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Smart Cities are evolving, with ICT revenues expected to reach $977 Billion by 2022

by Andrew Brown | Oct 07, 2015

Cities are resilient, evolving places of trade. Smart use of ICT and IoT can help cities maximize their economies of scale whilst managing the challenges associated with high urban growth. 

Urbanization isn't going away anytime soon. Urban living may encompass 86% of the developed world, and 64% of the developing world by 2050. About a million people are added each week to the world’s cities. Urban development and ICT evolution have a common ground for potential solutions, often dubbed the ‘smart city’.

  • Truly smart cities will meet the needs of current and future generations – maximizing benefits and minimizing the negative aspects of daily living.
  •  A variety of business models will be needed, especially where net public infrastructure investment is low or zero. There is a gap between investment needed for technology demonstrators and the mass market.
  • Standardization and smart citizens will play a greater role in defining future smart cities. Solutions to visualize city data will become more important, as IoT solutions will greatly increase the data available.

Urban ICT revenues are forecast to reach $977 Billion by year 2022. North America and Europe will dominate urban ICT revenue by 2022, with Asia-Pacific the fastest growing market. 

Smart City, ICT, IoT, Strategy Analytics

Standard city metrics are emerging. They are needed to understand:

  • The net overall benefit of ICT projects, compared with other infrastructure investments.
  • The gaps between the public spend needed for infrastructure projects, and the ’grand vision’.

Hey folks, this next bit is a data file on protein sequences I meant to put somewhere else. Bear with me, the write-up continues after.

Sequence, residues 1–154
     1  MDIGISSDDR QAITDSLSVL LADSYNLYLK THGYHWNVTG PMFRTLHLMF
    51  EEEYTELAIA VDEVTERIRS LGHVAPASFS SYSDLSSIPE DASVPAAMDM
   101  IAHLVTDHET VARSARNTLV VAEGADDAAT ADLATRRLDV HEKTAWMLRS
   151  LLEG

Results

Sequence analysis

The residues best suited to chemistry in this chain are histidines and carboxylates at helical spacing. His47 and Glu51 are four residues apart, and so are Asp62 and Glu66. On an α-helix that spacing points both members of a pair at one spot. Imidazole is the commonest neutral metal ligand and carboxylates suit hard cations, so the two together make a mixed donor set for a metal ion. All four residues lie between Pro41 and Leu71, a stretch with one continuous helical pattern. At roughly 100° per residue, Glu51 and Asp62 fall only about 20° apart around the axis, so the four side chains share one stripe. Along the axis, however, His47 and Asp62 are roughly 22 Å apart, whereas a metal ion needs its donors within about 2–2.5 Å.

• The sustainability aspect of new solutions (what will give the best net benefit for this generation and the next).

Cloud-based, ’CityOS’ solutions are good for addressing a range of solutions with a standard, common framework, but the major challenge lies in addressing and integrating legacy infrastructure systems. For this reason it is consulting and system integration that will make up the bulk of ICT revenues, rather than the platform itself. 

Projects addressing ‘scratch-built’ smart cities can demonstrate clear benefits from specific solutions. However, ‘mixed’ development as in 22@Barcelona may give better long-term answers in how to evolve a city, with resilience and with less exclusivity.

The definition of a smart city will evolve over a long time, and ultimately the definition will come from the users (Government and Citizen) rather than a single ICT vendor or service provider.

The Strategy Analytics report “The Future of Smart Cities - Opportunities, Solutions and Players” looks into the ‘smart city’ approaches of a large number of ICT and IoT vendors and service providers. Their solutions and business models are described, together with multiple case studies and recommendations for the future. Different approaches to “smart cities” are covered by this report, including the positive and negative effect of new players, and safety concerns associated with a connected city.

 

 

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